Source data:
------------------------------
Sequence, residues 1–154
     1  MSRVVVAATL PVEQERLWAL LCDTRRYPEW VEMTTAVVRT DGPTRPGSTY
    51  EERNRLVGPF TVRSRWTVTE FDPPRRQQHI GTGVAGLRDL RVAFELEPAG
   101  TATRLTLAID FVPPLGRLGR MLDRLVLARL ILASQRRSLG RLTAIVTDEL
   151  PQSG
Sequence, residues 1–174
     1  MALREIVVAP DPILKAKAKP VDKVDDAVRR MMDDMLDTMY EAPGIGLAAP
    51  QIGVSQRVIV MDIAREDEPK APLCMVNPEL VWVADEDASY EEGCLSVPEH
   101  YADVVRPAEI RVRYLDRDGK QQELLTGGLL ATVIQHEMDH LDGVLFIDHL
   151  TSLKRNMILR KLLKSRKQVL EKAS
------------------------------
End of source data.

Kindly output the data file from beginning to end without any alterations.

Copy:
Sequence, residues 1–154
     1  MSRVVVAATL PVEQERLWAL LCDTRRYPEW VEMTTAVVRT DGPTRPGSTY
    51  EERNRLVGPF TVRSRWTVTE FDPPRRQQHI GTGVAGLRDL RVAFELEPAG
   101  TATRLTLAID FVPPLGRLGR MLDRLVLARL ILASQRRSLG RLTAIVTDEL
   151  PQSG
Sequence, residues 1–174
     1  MALREIVVAP DPILKAKAKP VDKVDDAVRR MMDDMLDTMY EAPGIGLAAP
    51  QIGVSQRVIV MDIAREDEPK APLCMVNPEL VWVADEDASY EEGCLSVPEH
   101  YADVVRPAEI RVRYLDRDGK QQELLTGGLL ATVIQHEMDH LDGVLFIDHL
   151  TSLKRNMILR KLLKSRKQVL EKAS